ABSTRACT Compression bandaging is a major cornerstone in the treatment of chronic venous insufficiency. Its efficacy considerably depends on the applied pressure and it is therefore largely dependent on the individual applying the system. The sub‐bandage pressure was measured under three consecutive compression bandages applied by 21 nurses before and after training and the introduction of a pressure monitor (Kikuhime®, MediTrade, Denmark). A questionnaire was used to evaluate the self‐rating before and after the intervention. Before intervention, a questionnaire showed the confidence of the nurses in reaching sufficient sub‐bandage pressure levels. However, 34·9% of all bandages were shown to be insufficient before intervention (< 20 or ≥ 60 mmHg) and only 17·5% after intervention, representing a statistically significant improvement through intervention. Of the insufficient bandages, 77·3% were applied by nurses with more than 10 years of working experience. Furthermore, the mean sub‐bandage pressure in active standing position, a marker for the working pressure, was improved form 38·7 to 64·3 mmHg after intervention. Continuous awareness and training are necessary to maintain sufficient compression bandaging. The availability of a pressure monitor was helpful to reach this goal. Long work experience and self‐rating alone is not sufficient to maintain adequate quality in compression bandaging.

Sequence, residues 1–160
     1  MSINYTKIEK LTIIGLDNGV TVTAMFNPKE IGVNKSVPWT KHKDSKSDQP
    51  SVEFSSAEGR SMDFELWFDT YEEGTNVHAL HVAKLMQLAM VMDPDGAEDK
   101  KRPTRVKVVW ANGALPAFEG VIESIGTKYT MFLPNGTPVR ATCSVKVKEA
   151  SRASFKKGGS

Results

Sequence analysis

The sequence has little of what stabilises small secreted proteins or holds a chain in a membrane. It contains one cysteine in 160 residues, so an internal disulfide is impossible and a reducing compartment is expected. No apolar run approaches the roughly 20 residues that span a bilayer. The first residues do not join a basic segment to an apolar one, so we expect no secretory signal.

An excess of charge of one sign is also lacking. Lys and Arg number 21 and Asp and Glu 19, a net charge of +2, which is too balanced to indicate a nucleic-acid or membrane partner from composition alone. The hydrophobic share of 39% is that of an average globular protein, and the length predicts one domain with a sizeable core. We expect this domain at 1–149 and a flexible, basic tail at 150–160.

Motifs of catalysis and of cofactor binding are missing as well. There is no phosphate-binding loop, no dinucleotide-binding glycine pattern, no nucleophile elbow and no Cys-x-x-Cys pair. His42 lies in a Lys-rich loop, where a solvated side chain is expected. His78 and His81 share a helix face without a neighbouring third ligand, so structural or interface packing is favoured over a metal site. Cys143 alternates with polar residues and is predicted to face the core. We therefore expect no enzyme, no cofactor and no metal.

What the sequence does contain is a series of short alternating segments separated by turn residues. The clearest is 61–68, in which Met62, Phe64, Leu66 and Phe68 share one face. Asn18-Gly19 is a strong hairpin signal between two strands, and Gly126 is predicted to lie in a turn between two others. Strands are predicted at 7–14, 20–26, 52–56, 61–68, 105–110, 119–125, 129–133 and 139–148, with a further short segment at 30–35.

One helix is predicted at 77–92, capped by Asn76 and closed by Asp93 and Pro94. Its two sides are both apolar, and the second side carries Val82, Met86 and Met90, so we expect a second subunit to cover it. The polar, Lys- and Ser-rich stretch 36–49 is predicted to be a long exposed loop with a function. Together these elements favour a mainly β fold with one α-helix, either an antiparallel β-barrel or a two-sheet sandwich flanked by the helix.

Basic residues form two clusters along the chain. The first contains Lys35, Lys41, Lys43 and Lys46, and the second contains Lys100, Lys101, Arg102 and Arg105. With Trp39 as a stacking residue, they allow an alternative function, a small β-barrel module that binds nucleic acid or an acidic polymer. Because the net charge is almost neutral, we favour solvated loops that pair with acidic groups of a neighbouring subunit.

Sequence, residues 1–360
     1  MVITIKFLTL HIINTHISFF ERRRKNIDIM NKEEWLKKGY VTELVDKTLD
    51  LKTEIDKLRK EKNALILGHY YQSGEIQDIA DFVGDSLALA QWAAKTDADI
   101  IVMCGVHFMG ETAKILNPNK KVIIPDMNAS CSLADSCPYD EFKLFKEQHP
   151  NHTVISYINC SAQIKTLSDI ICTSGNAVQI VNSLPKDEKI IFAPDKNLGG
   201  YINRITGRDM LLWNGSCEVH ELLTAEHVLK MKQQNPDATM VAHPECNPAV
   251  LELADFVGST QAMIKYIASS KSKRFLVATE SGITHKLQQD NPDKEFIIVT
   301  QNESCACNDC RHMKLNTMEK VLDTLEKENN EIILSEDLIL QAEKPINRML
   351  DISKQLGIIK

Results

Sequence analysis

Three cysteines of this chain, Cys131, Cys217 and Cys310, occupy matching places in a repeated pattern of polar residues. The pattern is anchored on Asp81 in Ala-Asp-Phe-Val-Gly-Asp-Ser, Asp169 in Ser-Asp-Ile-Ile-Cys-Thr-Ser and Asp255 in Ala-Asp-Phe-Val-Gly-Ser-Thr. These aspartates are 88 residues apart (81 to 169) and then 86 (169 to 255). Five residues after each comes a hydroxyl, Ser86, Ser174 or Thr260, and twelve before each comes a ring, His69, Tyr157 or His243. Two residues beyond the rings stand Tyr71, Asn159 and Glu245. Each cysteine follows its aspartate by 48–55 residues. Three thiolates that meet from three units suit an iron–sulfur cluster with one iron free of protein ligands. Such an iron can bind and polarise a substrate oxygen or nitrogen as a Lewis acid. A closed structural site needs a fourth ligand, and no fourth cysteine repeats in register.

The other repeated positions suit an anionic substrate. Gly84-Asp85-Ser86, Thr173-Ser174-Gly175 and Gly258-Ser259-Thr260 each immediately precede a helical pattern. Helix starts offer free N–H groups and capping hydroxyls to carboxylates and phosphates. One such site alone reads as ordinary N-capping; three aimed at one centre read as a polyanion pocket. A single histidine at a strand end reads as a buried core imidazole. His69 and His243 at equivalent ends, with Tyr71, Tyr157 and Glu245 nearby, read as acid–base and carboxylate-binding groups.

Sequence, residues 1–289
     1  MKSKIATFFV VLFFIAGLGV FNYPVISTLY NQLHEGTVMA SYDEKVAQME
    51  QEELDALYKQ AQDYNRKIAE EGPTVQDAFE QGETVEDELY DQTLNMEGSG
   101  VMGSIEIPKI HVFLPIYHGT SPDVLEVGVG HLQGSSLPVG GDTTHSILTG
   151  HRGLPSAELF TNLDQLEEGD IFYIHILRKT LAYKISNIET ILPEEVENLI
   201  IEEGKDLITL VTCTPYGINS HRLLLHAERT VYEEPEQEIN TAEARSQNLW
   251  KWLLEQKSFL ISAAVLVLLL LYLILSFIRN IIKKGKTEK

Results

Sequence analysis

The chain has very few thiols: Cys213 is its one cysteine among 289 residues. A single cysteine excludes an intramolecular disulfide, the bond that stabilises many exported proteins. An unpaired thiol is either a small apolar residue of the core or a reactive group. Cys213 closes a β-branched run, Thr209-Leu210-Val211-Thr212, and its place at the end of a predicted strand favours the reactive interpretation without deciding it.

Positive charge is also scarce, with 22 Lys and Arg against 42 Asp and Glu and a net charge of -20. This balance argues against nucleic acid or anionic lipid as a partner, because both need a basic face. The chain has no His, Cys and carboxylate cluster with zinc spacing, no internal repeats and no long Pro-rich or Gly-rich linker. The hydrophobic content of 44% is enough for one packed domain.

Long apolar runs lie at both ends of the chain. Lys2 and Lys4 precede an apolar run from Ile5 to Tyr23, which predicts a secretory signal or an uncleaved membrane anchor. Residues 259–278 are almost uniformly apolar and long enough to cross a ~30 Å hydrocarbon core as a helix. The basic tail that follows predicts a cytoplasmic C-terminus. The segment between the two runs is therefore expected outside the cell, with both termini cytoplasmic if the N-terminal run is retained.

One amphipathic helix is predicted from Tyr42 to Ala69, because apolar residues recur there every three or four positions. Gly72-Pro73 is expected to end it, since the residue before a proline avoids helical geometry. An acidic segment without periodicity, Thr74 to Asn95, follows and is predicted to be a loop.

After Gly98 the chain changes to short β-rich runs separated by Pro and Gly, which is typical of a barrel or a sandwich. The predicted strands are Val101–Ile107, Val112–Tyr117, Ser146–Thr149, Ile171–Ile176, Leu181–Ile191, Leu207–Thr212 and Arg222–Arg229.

International Wound Journal – Wiley
Published: Oct 1, 2009